Active Women

Is Being A Woman Difficult?

Written by Akesha Smith

Living A Woman’s Life

We are expected to juggle our work life, social life and in some cases also having to deal with our children’s lives, all whilst looking stunning and healthy! In what world is this even possible?


Having so much responsibility, the last thing on your mind would be your health and body, but maybe it is time to put yourself first! You know, have some “ME” time. I’m not just talking about running yourself a hot bubble bath and chilling in there for 30 minutes, no matter how tempting that may sound. I’m talking about an actual change in yourself. All the running around is very exhausting and takes its toll.

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Feel Drained?


Have you noticed that you are always tired and you are fatiguing a lot quicker than normal? Not bouncing back as you used to? The problem could lie within your diet. Busy women are prone to skipping out their meals in order to stay ahead of the game and then overload themselves with fat-free, low-calorie foods.


Now don’t get me wrong, watching your daily calorie intake is important, but an average woman should be consuming at least 2,000 calories a day in order to stay functional and healthy. In order to keep your body energised throughout your busy schedule, one needs to know the nutritional benefits their body needs.


“Men are from Mars and Women are from Venus”. We are all wired differently, men are a completely different code to women, so what you see men intake and endure is not necessarily the same for women. Like I said, us women have it hard because that is just how we’re programmed. We weren’t created for the easy way out!  Now that I’ve got your attention, what does your body need to stay at its best? Here are some tips that women, in general, need to do or introduce into their diet!


Counting Calories


As I said before, taking a mental note on your calorie intake is good, especially if you want to shred some fat, however, women may mistake fat-free foods as the easy way out and translate that as “calorie-free”. Many fat-free foods are as it says, fat-free, but they are high in sugar and calories, which in turn makes you put on weight.


Fat-free foods can also be stripped of their vital vitamins and minerals, this is because many fat-free products are refined meaning they are low in important nutrients. Also, some fat-free products are lower in fat-soluble nutrients like vitamin E. This is an antioxidant that helps against age-related diseases. To help prevent the lack of nutrition you are getting from fat-free products, make sure you are getting fresh fruits and veg every day.


Eat More Often


Women tend to think that eating more means you put on more weight and the less you eat the better. Wrong! Eating little and often is good! Food is good for you, you just need the right balance in your diet. Women these days are obsessed with the numbers they see on the scales, the higher the number, the more they distant themselves from food. What women don’t seem to realise is that muscle weighs more than fat. Women should forget about the scales and measure their body fat percentage, as those numbers will be more accurate.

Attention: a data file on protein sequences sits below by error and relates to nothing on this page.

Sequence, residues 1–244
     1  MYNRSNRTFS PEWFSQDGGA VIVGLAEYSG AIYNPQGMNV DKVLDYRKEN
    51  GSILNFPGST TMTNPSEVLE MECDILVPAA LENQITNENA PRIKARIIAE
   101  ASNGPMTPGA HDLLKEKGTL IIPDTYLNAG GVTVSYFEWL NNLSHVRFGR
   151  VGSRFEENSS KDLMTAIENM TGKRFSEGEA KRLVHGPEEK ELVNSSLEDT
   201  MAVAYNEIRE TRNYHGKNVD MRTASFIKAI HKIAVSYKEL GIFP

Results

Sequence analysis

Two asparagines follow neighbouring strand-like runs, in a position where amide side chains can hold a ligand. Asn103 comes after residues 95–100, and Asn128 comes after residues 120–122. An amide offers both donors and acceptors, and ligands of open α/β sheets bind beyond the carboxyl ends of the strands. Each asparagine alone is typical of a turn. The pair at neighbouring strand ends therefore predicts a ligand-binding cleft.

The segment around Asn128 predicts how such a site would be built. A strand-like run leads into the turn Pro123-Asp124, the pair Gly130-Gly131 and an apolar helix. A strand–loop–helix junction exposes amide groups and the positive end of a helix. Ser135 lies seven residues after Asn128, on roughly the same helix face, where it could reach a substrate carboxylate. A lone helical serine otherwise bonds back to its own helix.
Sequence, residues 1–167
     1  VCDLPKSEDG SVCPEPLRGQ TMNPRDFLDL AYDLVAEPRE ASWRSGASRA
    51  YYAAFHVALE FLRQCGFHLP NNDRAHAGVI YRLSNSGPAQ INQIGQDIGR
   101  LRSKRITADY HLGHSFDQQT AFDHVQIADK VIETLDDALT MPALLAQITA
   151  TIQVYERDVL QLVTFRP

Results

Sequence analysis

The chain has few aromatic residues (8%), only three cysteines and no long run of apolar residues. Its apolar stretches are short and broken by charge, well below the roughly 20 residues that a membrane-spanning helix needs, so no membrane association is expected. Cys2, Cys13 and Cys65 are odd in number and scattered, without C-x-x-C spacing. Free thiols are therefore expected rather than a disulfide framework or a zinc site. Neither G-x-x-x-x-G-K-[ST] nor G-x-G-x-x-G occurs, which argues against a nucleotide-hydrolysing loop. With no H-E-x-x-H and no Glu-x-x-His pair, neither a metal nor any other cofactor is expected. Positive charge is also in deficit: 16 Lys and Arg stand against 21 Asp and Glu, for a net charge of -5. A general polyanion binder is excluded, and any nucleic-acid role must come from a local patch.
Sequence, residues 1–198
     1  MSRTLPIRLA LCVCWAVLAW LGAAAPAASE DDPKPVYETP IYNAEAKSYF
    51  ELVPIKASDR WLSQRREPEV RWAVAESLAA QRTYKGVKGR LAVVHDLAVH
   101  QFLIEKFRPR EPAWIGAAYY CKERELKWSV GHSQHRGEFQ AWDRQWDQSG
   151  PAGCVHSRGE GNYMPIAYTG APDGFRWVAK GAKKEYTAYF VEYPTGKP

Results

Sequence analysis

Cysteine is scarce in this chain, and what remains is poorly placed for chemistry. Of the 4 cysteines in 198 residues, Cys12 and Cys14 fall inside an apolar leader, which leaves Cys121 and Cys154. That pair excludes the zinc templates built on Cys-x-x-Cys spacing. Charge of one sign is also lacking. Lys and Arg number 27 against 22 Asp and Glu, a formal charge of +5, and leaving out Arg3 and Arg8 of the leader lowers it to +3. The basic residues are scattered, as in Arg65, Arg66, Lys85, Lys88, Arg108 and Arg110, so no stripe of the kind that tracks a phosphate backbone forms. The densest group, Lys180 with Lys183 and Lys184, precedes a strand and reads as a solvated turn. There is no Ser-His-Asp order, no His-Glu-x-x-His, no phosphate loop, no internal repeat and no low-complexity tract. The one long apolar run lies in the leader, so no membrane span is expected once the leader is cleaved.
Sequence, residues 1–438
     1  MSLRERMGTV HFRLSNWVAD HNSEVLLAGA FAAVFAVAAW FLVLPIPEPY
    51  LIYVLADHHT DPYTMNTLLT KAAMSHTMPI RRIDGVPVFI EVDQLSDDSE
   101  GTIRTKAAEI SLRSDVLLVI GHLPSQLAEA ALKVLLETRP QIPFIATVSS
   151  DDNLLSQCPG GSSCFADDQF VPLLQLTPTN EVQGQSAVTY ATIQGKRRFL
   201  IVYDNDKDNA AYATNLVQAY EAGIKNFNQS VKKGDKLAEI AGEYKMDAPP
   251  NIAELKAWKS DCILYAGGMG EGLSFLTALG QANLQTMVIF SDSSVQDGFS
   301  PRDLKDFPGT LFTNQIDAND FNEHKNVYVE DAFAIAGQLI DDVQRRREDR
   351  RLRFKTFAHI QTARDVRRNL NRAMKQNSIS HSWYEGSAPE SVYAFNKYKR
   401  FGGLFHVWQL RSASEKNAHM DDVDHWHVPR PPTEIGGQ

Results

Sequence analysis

Women that give their bodies 300 calories every three hours will be naturally boosting their metabolism and this could lead to improvements in their memory and cognitive skills later on in the day.


However, skipping meals can leave you feeling drained, fatigued and unable to concentrate. Going long periods of time between meals signals the body to slow the metabolism and store fat. The body goes into “survival mode”.


When we skip meals earlier in the day we tend to want to overeat at night. When nighttime falls we crave naughty snacks that are high in sugars, fat and calories. This can lead to you feeling guilty which could lead to further binge eating.

Our articles should be used for informational and educational purposes only and are not intended to be taken as medical advice. If you’re concerned, consult a health professional before taking dietary supplements or introducing any major changes to your diet.

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Faye Reid

Faye Reid

Writer and expert

Faye Reid has a Bachelor of Science in Sport and Exercise Physiology and a Master of Science in Exercise Physiology and Sports Nutrition. Faye has worked with numerous high-profile oranisations, such as Men's Health, Sky Sports, Huddersfield Giants, Warrington Wolves, British Dressage and GB Rowing, providing her expert sports science support. Find out more about Faye's experience here: She puts her passion into practice as goal attack for her netball team, and in competitive event riding.

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